I dropped the corn seeds in the furrow and wondered if they would grow. In the dark earth they glowed like citrine quartz; it seemed improbable that in two months the tiny dry seeds would grow into plants that would stand above my head. Many gardeners told me growing corn was not realistic for the suburban garden; too much effort for a small crop, too much water, too much luck required for pollination. Of course I could have believed the naysayers, but like most things that are sweet and satisfying, it would require me to use two tools from my Yoga arsenal: letting go of expectation and a dose of discipline.
My first attempt at growing corn was a total failure. I had picked up a dozen seedlings from a local nursery’s half-price section. They were thin and wispy, more dry than alive. But with my usual can-do—if rose-colored—attitude I figured they just needed some gardener’s TLC. But they failed to thrive and were so flimsy that the slightest wind knocked them over.
One blistering hot day I spent hours tying them to bamboo poles. But eventually the long skinny cobs yielded only a few ripe kernels. I tossed them on the compost heap and vowed to try again. But this summer seemed different. The corn germinated quickly and as the green blades poked up I wondered if our soil has memory. The original people of coastal Massachusetts, the Wampanoag tribe, farmed corn and beans intensely. Does our soil still recognize hands that cultivate with gratitude; does it welcome the seeds like old friends?
Summer brought heat and drought. Corn is thirsty and hungry so I hauled watering cans of seaweed emulsion fertilizer and drenched their foliage. I feed them from the sea in the way the local tribal ancestors had planted herring underneath to fertilize their growth.
Soon they grew to waist height, then above my head. I tried to be yogically non-attached and all that; but alternated between the curious neutrality of a practiced meditator and the rambunctious excitement of a kid during Christmastime.
It was a modest little bed; far from the fields of my youth. Growing up in northern Illinois meant corn took on a religious fervor. We’d drive past the fields and giddily wait until the first roadside stands appeared. My dad would buy bags of corn and after a quick dunk in boiling water, we’d get down to some serious eating. The sweet juice and butter ran down our arms in yellow rivulets and the only sounds in the dining room were the crunch and pop of each kernel bursting open; for one moment we tasted the fleeting essence of summer.
Finally my corn grew tall spikes with dangling flower droplets, followed by Rapunzel-gold tassels. Each silken thread ran down into the husk to produce a single kernel. August blazed forward and brought more heat and drought. I kept watering as the husks and tassels darkened. Finally the tassels dried and the outer husk turned leathery. Harvest time had arrived.
I pulled down a husk to reveal a row of swollen kernels. Those little dried seeds had grown into hundreds of tiny fruits; each as swollen and lush as summer herself. I poked my thumbnail into the ear and was rewarded with a pop and spray of juice. Success. My practiced artifice of non-attachment vanished as I danced a jig right there in the garden. Pulling the husk open as crickets sang from the sunflower patch, I gobbled up half the ear right on the spot. In the moment, I realized that vairagya (non-attachment) and joy are not mutually exclusive—joy is the absence of clinging to a particular result, while appreciating whatever is arising moment to moment.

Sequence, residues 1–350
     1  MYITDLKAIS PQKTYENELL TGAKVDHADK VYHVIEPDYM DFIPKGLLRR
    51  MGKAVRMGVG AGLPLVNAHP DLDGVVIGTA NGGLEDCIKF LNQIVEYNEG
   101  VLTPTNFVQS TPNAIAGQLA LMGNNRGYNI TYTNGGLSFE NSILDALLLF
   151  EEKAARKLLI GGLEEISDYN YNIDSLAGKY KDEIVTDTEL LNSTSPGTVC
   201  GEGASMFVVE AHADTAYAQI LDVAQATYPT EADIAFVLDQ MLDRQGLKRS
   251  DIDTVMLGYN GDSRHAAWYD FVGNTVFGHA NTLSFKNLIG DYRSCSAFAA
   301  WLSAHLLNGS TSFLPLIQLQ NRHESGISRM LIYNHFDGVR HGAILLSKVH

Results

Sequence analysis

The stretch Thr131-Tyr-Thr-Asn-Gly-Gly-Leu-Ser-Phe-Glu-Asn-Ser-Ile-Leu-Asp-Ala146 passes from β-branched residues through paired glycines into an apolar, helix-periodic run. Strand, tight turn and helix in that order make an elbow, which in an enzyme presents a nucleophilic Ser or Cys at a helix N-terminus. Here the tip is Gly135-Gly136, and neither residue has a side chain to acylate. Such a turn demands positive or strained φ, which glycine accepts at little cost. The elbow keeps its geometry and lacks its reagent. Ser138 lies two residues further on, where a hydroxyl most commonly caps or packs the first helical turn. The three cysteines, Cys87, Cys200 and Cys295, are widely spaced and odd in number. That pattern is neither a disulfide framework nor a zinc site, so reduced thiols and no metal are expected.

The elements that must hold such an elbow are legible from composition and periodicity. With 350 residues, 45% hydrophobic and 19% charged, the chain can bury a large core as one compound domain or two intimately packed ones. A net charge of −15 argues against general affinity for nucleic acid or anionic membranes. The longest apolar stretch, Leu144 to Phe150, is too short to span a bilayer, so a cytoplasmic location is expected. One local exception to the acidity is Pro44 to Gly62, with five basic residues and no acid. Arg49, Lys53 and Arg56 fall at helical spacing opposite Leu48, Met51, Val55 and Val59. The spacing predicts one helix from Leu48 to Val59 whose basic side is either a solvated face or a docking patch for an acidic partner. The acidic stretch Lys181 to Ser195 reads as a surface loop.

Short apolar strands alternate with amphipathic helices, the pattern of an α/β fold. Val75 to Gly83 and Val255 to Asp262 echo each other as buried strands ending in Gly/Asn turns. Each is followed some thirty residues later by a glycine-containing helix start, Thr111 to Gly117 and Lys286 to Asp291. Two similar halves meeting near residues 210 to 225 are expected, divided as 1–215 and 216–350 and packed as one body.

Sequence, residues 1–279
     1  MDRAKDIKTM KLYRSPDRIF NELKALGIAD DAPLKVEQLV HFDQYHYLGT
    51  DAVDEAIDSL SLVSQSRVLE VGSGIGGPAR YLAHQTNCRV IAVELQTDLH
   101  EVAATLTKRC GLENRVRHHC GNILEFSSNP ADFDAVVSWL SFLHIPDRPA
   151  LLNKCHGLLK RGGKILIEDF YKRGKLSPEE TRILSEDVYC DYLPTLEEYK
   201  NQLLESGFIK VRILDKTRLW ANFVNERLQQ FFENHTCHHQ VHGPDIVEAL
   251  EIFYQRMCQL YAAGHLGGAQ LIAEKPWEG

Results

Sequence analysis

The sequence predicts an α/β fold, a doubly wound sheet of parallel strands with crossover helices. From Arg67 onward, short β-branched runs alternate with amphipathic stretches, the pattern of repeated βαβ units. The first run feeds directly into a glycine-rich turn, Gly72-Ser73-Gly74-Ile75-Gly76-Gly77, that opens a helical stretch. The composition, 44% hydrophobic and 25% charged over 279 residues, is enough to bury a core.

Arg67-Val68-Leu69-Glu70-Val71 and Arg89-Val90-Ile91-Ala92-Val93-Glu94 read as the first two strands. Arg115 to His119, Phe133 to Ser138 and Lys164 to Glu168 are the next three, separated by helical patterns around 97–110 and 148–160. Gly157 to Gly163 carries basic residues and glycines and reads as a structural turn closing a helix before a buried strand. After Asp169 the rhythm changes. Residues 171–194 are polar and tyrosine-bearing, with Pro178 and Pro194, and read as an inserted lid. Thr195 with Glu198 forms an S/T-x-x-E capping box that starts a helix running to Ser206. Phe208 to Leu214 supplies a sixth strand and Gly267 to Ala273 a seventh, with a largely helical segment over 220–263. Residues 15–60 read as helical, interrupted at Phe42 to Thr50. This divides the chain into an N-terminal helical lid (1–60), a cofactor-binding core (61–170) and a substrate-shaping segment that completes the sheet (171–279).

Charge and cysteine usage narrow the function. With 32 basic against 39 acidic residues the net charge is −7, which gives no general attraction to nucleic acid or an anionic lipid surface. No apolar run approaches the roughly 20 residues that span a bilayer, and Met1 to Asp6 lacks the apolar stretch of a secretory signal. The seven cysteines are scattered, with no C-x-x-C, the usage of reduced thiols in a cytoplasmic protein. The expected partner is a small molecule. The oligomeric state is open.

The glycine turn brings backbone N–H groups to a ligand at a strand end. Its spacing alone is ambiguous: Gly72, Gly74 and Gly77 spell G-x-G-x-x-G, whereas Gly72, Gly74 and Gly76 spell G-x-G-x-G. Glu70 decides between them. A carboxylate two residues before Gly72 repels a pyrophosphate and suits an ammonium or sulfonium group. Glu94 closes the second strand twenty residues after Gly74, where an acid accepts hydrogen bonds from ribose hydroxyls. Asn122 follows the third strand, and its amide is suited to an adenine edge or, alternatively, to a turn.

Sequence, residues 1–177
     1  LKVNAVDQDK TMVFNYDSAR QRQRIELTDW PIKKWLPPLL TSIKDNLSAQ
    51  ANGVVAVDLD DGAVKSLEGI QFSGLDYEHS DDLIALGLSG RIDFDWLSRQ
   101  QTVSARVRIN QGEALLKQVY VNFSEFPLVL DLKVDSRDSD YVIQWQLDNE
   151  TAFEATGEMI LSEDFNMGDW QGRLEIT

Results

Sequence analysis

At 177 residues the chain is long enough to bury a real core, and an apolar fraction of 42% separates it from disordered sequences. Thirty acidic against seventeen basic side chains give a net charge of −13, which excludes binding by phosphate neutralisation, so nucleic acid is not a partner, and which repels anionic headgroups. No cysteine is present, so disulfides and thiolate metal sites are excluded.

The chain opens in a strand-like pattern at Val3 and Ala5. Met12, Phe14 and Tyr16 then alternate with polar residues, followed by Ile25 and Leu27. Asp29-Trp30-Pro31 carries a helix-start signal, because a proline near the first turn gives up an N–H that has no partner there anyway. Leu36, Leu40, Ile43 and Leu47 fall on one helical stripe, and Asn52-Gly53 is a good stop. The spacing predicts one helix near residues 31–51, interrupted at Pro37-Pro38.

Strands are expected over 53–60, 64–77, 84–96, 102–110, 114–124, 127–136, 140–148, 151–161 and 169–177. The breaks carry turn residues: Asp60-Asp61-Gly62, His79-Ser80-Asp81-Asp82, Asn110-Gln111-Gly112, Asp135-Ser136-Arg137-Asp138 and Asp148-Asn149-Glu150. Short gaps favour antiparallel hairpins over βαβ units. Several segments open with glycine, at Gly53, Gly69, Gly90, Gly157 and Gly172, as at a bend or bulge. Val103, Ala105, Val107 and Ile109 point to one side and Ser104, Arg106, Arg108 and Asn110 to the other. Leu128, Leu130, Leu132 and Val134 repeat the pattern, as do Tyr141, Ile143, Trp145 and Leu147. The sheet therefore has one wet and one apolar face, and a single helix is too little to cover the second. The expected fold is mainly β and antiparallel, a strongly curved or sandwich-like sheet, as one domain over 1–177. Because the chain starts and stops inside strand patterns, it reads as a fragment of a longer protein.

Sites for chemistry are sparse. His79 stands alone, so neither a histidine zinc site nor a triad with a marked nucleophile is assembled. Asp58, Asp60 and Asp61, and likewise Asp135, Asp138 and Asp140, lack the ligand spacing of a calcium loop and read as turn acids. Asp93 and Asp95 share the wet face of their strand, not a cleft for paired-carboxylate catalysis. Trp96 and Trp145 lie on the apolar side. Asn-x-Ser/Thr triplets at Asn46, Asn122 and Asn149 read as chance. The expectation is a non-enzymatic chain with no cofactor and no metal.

I gradually harvested and by the time of the Autumn Equinox it was time to pick the rest. I decided to have one last hurrah and make a large batch of sweet corn soup. I sautéed garlic and onions until soft. Then I added the mountain of corn, cumin, shallots, black pepper, and green chilies. “Wow,” my husband said, “smells so good in here.” We sprinkled the bowls with cilantro, tucked into one last summer supper, then licked the bowls clean.
Later that week my husband cut down the stalks and set them against the fence to dry. Soon we’ll tie them to the front porch railings and surround them with mums and pumpkins.
With nature as my teacher, I’m learning how to wield my Yoga tools: discipline to treat the earth with grateful hands; non-attachment to purely selfish desire for a good crop. If the earth sacrifices her fertility to grow the seed; if the seed sacrifices herself to grow the plant; if the plant sacrifices her fruit to me; then surely I can accept this offering and use it to serve others.
And, while I keep practicing with these tools, I celebrate the right to dance a jig in the garden in celebration of the sweet and satisfying success of a gardener’s winter dream come to life.
About the Author:
Gita Brown is a wellness activist, musician, and writer. She is a certified Advanced Integral Yoga® teacher and licensed Yoga for the Special Child® practitioner. Through her “Yoga with Gita courses” and podcast, “The Gita Brown Show,” her mission is to teach her students how to adapt the traditional practices of Yoga to bring more ease, wellness, and joy into everyday life. Gita started Yoga as a teenager, when her love of Yoga grew in tandem with her career as a classical clarinetist and music therapist. For three decades, she has taught Yoga, wellness, and music courses at colleges, schools of music, community schools, private studios, public schools, and hospitals. She is currently finishing final revisions to her memoir. The story is about how she repurposed her wedding vows into a yogic vow to live love as a way of life—a pilgrimage that endured even as her husband and childhood sweetheart battled end-stage alcoholism. She offers Yoga to students of all ages and abilities through online programs and in person at her home studio at Three Dog Farm in Kingston, Massachusetts. Learn more about her services by visiting: https://www.gitabrown.com